After five long, arduous years at UC Berkeley, your girl finally graduated this past spring with a B.A. in Comparative Literature. Comparative Literature is the study of literature and cultural expression across linguistic, national, and disciplinary boundaries. Usually after this spiel, one typically asks, “Oh, so you’re going to be a teacher or a professor?” Of which I respond time and time again… “No, No, NO!” I have never been called to and never will be called to teaching as a career. The reason I say this confidently is because I’ve been through hell and back in the classroom setting, from kindergarten through college. From horrible teasing to the stress of a college thesis, I’ve collected so many unfortunate memories that I intend to never commit to that profession.
So then, if I’m not interested in becoming a teacher, then what exactly is it that I want to do? I don’t really have a particular career that I can pinpoint and say that that is what I want to be at the end of the day. I believe maybe after graduate school and the alteration of current job positions, then will I be able to see clearly the career position that I’d like to commit the rest of my life to.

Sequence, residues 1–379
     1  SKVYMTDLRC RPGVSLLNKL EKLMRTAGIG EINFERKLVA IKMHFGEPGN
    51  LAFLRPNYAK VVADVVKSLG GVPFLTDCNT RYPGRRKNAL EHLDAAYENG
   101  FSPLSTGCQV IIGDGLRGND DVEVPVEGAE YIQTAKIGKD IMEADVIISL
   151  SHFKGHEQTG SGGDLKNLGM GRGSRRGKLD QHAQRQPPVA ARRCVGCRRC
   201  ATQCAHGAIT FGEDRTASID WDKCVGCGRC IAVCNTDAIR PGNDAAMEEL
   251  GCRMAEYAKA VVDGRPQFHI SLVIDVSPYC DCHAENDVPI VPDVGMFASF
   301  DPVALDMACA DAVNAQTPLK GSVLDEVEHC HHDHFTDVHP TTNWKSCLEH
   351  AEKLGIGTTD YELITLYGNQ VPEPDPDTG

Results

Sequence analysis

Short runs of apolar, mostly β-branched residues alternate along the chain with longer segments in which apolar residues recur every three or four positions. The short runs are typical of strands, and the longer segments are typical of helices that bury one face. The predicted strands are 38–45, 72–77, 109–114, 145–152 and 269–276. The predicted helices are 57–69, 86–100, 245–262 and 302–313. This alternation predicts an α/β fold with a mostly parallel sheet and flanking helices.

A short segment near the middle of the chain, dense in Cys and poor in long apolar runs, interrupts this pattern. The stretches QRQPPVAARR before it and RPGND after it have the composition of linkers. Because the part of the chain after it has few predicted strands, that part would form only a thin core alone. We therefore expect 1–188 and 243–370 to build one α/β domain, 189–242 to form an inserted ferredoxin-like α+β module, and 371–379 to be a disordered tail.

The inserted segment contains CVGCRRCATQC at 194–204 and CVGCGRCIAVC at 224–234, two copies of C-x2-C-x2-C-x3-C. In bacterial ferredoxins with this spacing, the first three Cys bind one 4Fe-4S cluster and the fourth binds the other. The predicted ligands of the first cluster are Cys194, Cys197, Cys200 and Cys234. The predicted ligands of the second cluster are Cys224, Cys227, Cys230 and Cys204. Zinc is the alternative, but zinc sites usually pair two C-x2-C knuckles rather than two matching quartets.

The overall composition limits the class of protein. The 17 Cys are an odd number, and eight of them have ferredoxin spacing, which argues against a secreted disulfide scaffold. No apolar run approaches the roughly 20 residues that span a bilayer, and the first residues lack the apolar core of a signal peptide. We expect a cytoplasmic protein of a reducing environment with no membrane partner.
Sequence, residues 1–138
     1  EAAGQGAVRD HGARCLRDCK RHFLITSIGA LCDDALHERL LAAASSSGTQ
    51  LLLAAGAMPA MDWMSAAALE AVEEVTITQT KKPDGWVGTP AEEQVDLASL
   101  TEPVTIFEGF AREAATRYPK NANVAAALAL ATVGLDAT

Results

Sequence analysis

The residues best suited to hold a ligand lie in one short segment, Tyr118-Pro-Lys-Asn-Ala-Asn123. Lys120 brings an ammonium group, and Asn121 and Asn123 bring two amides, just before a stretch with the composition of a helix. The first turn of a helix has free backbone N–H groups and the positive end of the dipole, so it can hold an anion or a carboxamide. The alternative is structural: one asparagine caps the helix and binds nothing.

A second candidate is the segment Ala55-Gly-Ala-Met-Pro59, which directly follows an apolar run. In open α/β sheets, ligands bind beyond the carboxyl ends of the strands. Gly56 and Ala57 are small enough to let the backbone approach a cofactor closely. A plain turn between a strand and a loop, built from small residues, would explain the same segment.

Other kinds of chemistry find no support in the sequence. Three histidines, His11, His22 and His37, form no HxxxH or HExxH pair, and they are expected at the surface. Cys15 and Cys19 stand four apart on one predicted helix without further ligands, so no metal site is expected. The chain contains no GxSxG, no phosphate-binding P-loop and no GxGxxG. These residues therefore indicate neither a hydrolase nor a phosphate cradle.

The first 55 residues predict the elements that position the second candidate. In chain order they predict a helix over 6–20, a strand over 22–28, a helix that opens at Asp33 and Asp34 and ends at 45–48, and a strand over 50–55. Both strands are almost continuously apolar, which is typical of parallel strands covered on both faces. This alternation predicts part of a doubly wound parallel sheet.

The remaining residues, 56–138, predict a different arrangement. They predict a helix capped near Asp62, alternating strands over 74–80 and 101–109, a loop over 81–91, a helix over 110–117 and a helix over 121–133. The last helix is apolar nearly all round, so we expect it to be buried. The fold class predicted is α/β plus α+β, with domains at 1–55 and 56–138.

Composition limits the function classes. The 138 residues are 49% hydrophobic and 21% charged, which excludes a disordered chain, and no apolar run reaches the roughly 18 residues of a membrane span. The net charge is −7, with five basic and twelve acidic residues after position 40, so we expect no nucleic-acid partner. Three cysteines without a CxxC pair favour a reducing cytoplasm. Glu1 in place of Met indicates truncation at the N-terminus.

What am I passionate about? Well, so far I know that I am very dedicated to the African Diaspora and its fluidity within individuals based on geography. I’m interested in how black people see, understand, and establish themselves in homogenous white societies. I know that these self discoveries vary based on the various cultural backgrounds within the larger black community. I want to help people develop language and understanding of themselves. I’ve decided that I specifically want to help youths within the African Diaspora. I’m not sure if this is because of the difficulties experienced within my own childhood, but I know that I strongly connect with youth and want to follow that part of who I am. Because I’m fluent in French and Italian, and was guided towards my hopeful future due to my experiences in Italy and France (of which I’ll write a separate post later), I plan to work internationally for the most part.
So what am I doing currently? Absolutely nothing. After deciding to take a break from academia, I thought I’d return to Mississippi for the fall, make up for lost time with family, and find an easy job such as a barista, teaching assistant, tutor, or something to save up enough money before I move and apply to full time positions in the career field that I’m interested in.
What actually happened? I came home to find out that the job market is crusty here and that there’s nothing really to do in one’s spare time. It’s frustrating and I know that I’ve lapsed into post-graduate depression and I’m trying really hard not to give in to it completely. But it’s hard. I’m just hoping that someone hires me soon here so that I can begin to save enough money to start planning my escape and jumpstart my life again. Because whatever this is I’m doing, it doesn’t feel like living. I’m hoping that I can maintain my passions, my drive, and my goals throughout the stages of this gloom..because if I can’t, I might just get stuck.
xoxo – C